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Weekly Prompts for Thinking Through Scripture Covering 1 Samuel 4:12-8

Refresher: The beginning of 1 Samuel shows the people of God in collapse. They are

politically vulnerable, their ancient foes are circling closer; but the real problem is the

spiritual corrosion eating out the society from within. Even the place of God’s dwelling is

wobbling. The people who minister before God are corrupt, are given over to the sins of the

flesh, worldly.

And yet and yet: Away from the centers of political and cultural power, God is still quietly

channeling out a way of salvation for his people, making a strange way forward. Strange?

Yes. Taunts maliciously directed toward a barren woman precipitate the birth of a great

savior of Israel.

Wednesday, 13 January

Read 1 Samuel 4: 12-22

  • V. 12 – “Clothes torn and dirt on his head” – this look was on purpose, a sign of bitter mourning. The dirt brings to mind the grave. When was the last time, or has it ever happened, that you deeply mourned over something that didn’t specifically pertain to you?

  • V. 18 – Eli, the old priest was deeply flawed, yet to the end retained a deep, reverent affection for the things of God. Remember, people are complicated; if you’re painting someone as wholly bad you’ve probably lost perspective.

  • V. 21 – Ichabod – “the glory has departed.” A word that reminds us to strive and pray for the presence of the glory of God, and not take His Presence of blessing for granted.

  • Will you pray for our study tonight?

Thursday, 14 January

Read 1 Samuel 5

This chapter is a reminder that even when God allows Himself to be perceived as

suffering defeat, He is always still the Only Sovereign.

  • V. 7 – The good citizens of Ashdod connect their rash of hardships to the work of God. Do you realize how uncommon it is for people to make that connection? Also, a person’s or society’s vivid sense that God is against him/ them is itself a gift of God.

  • The Presence of God or the “hand of God” (v.9, 12) not only caused the plague of tumors but also created a panic around the plague. There are physical and spiritual weapons in God’s arsenal.

Friday, 15 January

Read 1 Samuel 6: 1-9

Two weeks down in the new year. Today’s encouragement: “Draw near to God and He will

draw near to you.” The greatest commandment is to love Him with all your heart. Go to it!

  • V. 2, 3 – Every political society has a cadre of learned people who are consulted during times of upheaval. Fortunate the society whose intellectuals fear God and take Him into account while offering their counsel. Unfortunately we do not live in such a society and are thus, in an important sense, more backwards than the Philistines! Learn: Whenever the conversation allows it, Christians should be relating our Covid time to the work and ways of God. Think of how to do that.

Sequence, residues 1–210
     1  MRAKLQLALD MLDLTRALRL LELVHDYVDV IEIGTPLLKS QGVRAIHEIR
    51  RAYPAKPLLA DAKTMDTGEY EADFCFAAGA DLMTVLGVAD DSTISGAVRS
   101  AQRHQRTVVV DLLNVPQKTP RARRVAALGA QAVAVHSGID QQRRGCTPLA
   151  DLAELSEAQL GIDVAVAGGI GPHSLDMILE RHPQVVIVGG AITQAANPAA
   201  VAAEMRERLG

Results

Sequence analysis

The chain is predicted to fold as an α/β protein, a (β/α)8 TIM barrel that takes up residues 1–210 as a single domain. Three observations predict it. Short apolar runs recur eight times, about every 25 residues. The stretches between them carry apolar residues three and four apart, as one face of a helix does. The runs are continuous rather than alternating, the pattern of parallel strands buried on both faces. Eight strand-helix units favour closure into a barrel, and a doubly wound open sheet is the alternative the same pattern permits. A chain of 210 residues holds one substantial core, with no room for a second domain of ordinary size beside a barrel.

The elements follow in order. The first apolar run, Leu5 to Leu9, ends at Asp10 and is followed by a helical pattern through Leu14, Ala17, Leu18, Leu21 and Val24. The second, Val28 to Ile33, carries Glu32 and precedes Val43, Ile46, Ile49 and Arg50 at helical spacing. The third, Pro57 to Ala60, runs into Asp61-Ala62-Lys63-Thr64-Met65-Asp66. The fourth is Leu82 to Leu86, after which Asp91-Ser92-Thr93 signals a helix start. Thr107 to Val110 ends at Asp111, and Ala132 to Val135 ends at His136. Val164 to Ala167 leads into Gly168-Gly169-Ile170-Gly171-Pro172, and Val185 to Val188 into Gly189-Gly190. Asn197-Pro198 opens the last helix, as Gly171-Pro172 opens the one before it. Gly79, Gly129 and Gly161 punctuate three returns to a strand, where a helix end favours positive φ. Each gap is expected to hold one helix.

• VV. 2ff – It is natural for human beings to sense that something is owed to God.The society that ignores His claims is truly in the dark.

  • V. 6 – As we saw last week, the 400-year-old lessons of the Exodus remain fresh in people’s minds, even to still informing political decisions. Oh, that God would rend the heavens and come down and again make a name for Himself! That people would assume it practical and smart to fear God. Pray for this brother and sisters.

  • V. 8 – 9 – Another example of the principle that: “Emotional certainty is overrated.” You can have a good idea of what’s going on or what’s true, and yet not be 100% sure, and that little bit of doubt is almost to be expected. Application: Faith is not 100% emotional certainty. Do you see what I mean?

Saturday 16 January

Read 1 Samuel 6:10 – 7:2

  • V. 12 – You find special cases of this throughout Scripture: animals submitting to the will of the Lord. Can you think of others? These act as confirmation that God is over the natural world. And they make us look at animals with a little more interest.

  • V. 18 – I do love these kinds of things. The cows pull up next to a stone. That stone then becomes a “witness” to the events of that day, testifying all the time up until when the author write Samuel. Think through the answer to this: exactly what did the stone witness to? Also, are there any natural objects which hold a special spiritual significance for you, not because of something in themselves, but because you met God close by?

  • V. 19 – the presence of God is a great blessing…and dangerous to the careless ones. Fear Him and love Him.

  • V. 20 – “Who is able to stand before the LORD, this holy God?” It’s a perennially good question. Be careful to not overemphasize the possibility of warm relationship with the Lord so as to lose the sense of his TRANSCENDENCE.